As a mechanical wave propagates in a medium, it transfers energy form one particle to another and the successive particles get the disturbance.

In Figure we consider a transverse wave in a string travelling in positive x-direction of our coordinate system. We consider a particular point \(p\) in the string which is disturbed by the wave.

The string on the left of the point \(p\) exerts tension on the point which has two components namely \(F_\text{x}\) and \(F_\text{y}\). The transverse force \(F_y\) exerts transverse force on the particle and hence does work on the particle.

Note that the component \(F_x\) is the tension the string would have in undisturbed condition of the string. The wave has constant amplitude and constant frequency.

The slope at the point \(p\) is the negative of the ratio \(F_y /F_x\) because \(F_y\) is negative but the slope is positive. The slope is also equal to the derivative of wave function with respect to position \(x\) keeping time \(t\) constant, therefore the slope at the point \(p\) is

\[\begin{align*} \frac{{\partial y}}{{\partial x}} &= \frac{{ - {F_y}}}{{{F_x}}}\\ {\rm{or,}}\quad {F_y} &= - {F_x}\frac{{\partial y}}{{\partial x}} \tag{1} \label{1} \end{align*}\]

The power is the rate of doing work and the instantaneous power at the point \(p\) is the product of downward force \(F_y\) and the downward velocity \(v_y\) at that point. So,

\[P = {F_y}{v_y} = - {F_x}\frac{{\partial y}}{{\partial x}}{v_y} \tag{2} \label{2}\]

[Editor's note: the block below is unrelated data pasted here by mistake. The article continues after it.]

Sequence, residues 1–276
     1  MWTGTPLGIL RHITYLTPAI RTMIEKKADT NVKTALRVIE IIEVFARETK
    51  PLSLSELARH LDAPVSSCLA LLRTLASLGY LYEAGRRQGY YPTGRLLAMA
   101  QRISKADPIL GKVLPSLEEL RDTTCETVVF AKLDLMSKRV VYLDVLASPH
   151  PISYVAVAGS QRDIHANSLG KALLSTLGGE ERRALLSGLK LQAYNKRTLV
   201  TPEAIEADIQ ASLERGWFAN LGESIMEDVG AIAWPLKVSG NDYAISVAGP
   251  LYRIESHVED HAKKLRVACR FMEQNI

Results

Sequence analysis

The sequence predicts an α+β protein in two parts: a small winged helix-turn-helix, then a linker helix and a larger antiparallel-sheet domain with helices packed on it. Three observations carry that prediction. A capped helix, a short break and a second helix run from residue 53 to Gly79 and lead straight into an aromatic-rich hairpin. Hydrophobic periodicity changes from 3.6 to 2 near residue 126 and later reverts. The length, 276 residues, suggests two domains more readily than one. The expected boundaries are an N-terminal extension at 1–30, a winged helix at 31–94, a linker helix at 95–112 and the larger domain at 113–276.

The wave function for a simple harmonic wave travelling in positive x-direction is \(y = A\cos (kx - \omega t)\) and you can find;

\[\begin{align*} \frac{{\partial y}}{{\partial x}} &= - Ak\sin (kx - \omega t)\\ {\rm{and,}}\quad {v_y} &= \frac{{\partial y}}{{\partial t}} = A\omega \sin (kx - \omega t) \end{align*}\]

Therefore, substituting the values of \(\partial y /\partial x\) and \(v_y\) in Eq. \eqref{2}, you'll get the power which is

\[P = {F_x}{A^2}\omega k{\kern 1pt}{\sin ^2}(kx - \omega t) \tag{3} \label{3}\]

We know from the expression of wave speed that \(F_x = {v^2}\mu \) and \(k = \omega/v\), the above equation can be rewritten as

\[P = {A^2}\omega^2\mu v {\kern 1pt}{\sin ^2}(kx - \omega t) \tag{4} \label{4}\]

The value of \({\sin ^2}\) function oscillates between \(0\) and \(1\) and hence its average value is \(1/2\). So, the average value of \({\sin ^2}(kx - \omega t)\) in the above equation is \(1/2\) and the average power is

\[{P_{av}} = \frac{1}{2}{A^2} \omega^2 \mu v \tag{5} \label{5}\]

The above equation shows the the average rate of energy transfer, that is average power of a simple harmonic or sinusoidal wave along a string is proportional to the square of amplitude, square of angular frequency, linear density of the string and the wave speed.